The session about sales efficiency and operations at the SiriusDecisions Summit 2016 was focused on helping define what sales operations is and look at the frameworks in place to help sales ops professionals.
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SiriusDecisions broke down sales efficiency by looking at the following elements: productivity and capacity. They define sales productivity as “yield per rep per hour”, where ‘yield’ is the revenue the rep is generating. And state that as a sales ops professional your goal is to use your sales capacity as efficiently as possible, as it is a limited resource. How your reps spend their time is important, if they are not spending it on core selling activities your yield will suffer. So in sales ops, your job is to drive efficiency into the whole selling activity.

There has been an interesting change in the sales operations function, as it has evolved from a tactical, reactive function to a primary driver of sales change.

Sales operations cross the entire sales ecosystem. There are challenges, including:

  • How to measure, manage and increase sales productivity

  • Improving revenue predictability

  • Maximizing return on value from investment in sales technology

  • Developing, managing, measuring and improving sales execution processes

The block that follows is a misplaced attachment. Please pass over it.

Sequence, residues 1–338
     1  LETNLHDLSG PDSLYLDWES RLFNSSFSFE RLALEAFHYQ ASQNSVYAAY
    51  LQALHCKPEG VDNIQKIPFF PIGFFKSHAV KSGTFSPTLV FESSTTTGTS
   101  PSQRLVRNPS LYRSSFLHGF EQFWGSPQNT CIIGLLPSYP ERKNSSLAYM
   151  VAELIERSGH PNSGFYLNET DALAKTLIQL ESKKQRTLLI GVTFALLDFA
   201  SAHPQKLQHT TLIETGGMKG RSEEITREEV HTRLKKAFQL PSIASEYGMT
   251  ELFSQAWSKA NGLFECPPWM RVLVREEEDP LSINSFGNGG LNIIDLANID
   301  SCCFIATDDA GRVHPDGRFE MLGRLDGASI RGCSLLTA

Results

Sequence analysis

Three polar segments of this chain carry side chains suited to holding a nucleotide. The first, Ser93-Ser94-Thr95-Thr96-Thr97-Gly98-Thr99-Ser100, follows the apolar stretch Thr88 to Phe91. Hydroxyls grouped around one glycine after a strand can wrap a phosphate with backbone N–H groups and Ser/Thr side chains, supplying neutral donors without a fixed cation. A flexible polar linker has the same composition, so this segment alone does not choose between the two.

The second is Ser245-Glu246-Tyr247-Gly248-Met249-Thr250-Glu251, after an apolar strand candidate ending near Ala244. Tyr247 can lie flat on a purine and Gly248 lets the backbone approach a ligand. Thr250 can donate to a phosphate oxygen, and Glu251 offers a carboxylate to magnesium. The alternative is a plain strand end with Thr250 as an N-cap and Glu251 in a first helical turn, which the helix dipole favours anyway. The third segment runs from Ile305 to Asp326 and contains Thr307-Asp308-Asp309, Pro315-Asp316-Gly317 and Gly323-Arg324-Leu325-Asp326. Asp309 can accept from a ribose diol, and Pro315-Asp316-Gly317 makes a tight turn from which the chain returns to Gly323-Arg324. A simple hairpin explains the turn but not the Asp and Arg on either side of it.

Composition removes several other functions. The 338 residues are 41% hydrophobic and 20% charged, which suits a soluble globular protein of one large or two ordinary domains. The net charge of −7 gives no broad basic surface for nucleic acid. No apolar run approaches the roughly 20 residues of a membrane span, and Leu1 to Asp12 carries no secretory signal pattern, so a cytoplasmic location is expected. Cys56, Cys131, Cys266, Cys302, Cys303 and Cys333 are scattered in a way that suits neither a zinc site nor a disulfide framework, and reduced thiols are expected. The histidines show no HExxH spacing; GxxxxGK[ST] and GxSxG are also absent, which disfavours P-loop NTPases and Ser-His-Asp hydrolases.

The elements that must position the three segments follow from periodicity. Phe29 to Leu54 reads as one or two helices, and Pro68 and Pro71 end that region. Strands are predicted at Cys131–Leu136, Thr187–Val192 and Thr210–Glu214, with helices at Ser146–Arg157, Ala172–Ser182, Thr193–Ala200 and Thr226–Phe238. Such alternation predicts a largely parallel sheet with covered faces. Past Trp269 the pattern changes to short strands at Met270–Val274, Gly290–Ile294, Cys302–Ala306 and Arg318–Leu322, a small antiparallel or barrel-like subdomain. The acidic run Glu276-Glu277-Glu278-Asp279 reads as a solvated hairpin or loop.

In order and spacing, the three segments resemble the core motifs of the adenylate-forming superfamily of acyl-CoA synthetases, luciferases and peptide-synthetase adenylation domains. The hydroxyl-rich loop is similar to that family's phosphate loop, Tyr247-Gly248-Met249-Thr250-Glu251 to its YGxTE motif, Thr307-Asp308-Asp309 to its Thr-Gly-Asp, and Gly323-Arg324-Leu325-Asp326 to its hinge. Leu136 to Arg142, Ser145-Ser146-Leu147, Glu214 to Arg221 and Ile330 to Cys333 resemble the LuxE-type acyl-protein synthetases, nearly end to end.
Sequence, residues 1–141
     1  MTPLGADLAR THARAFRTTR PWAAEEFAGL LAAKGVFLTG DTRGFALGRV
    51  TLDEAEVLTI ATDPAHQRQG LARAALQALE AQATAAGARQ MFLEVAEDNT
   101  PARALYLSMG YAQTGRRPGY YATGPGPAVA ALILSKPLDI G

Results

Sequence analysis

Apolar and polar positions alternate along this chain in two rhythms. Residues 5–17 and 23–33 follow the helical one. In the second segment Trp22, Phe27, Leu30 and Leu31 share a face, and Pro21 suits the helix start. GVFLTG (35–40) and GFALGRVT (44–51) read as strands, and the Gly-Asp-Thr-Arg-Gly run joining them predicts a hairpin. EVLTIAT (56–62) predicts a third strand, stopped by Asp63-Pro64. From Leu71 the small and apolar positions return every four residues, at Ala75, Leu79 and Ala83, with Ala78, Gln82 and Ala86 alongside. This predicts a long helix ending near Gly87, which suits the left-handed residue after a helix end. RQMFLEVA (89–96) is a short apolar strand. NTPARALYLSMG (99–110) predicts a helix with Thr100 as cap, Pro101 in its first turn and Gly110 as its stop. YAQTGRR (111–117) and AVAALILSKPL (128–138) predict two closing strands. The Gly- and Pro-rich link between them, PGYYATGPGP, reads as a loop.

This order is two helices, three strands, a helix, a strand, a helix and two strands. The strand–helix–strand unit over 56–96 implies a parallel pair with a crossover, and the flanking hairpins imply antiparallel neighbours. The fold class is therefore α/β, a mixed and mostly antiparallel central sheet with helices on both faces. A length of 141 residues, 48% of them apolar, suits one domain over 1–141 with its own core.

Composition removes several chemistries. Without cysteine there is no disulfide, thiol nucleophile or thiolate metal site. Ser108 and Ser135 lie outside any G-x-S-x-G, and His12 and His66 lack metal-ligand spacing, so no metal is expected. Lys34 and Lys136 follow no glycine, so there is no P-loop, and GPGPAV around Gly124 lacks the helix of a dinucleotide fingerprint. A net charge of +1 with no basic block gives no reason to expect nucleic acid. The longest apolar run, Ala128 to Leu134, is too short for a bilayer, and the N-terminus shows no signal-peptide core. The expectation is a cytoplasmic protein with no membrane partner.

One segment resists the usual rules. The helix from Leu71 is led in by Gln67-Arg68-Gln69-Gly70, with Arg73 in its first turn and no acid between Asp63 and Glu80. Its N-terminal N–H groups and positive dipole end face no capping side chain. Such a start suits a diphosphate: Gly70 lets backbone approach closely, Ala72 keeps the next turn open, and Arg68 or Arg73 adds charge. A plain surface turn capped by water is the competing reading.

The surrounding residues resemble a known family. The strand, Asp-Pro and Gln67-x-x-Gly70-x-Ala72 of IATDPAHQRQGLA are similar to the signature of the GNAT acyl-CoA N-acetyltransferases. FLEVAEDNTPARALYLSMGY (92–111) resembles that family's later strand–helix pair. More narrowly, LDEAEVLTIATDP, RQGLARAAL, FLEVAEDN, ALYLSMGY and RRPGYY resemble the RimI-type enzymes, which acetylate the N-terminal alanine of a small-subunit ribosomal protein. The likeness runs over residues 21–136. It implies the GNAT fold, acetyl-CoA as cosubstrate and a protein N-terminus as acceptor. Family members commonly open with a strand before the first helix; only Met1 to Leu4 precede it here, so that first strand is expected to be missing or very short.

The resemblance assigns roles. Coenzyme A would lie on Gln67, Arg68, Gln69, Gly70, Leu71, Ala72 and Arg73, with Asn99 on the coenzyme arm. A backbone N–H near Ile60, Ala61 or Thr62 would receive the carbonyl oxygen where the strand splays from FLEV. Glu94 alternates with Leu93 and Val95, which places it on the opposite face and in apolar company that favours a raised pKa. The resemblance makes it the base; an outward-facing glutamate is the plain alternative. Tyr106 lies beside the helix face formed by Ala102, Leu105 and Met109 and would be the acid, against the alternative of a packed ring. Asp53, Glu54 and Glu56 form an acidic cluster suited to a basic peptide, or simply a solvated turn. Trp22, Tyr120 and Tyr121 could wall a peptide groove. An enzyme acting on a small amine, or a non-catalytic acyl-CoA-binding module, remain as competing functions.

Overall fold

• Evolving sales operations capabilities and contribution.

The Relative Productivity Framework

This is a handy framework from SiriusDecisions to answer the question: where are your reps spending most of their time?
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The problem that SiriusDecisions found is that many of the stages and steps in sales activities are mostly internally-focused. Unless you align the sales process to the buyer’s journey, understanding how the buyer makes decisions, you won’t be able to effectively move the deal forward. And that’s where the Attribute-Based Sales Process from SiriusDecisions helps, map buyer attributes with buyer activities, and seller attributes and activities.
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Finally, as it relates to sales technology, SiriusDecisions says that it must fit the user and organizational needs across six key categories:

  1. Criticality: how crucial is this technology to the business?

  2. Risk: what is the likelihood of losing the availability of the tool to the sales organization?

  3. Fit: How well does the tool help fix the problem for which you purchase it?

  4. Scalability: As the organization grows, can the tool accommodate the increasing number of sales reps, products, users?

  5. Data: How secure is the data? How is data maintained?

  6. Integration: Is the tool for sharing the data across all the other platforms?

Another element that SiriusDecisions has added to their thinking is end-user engagement. According to SiriusDecisions, the end user must move beyond adoption to engagement in order to realize the full value of the technology investment. The journey is:
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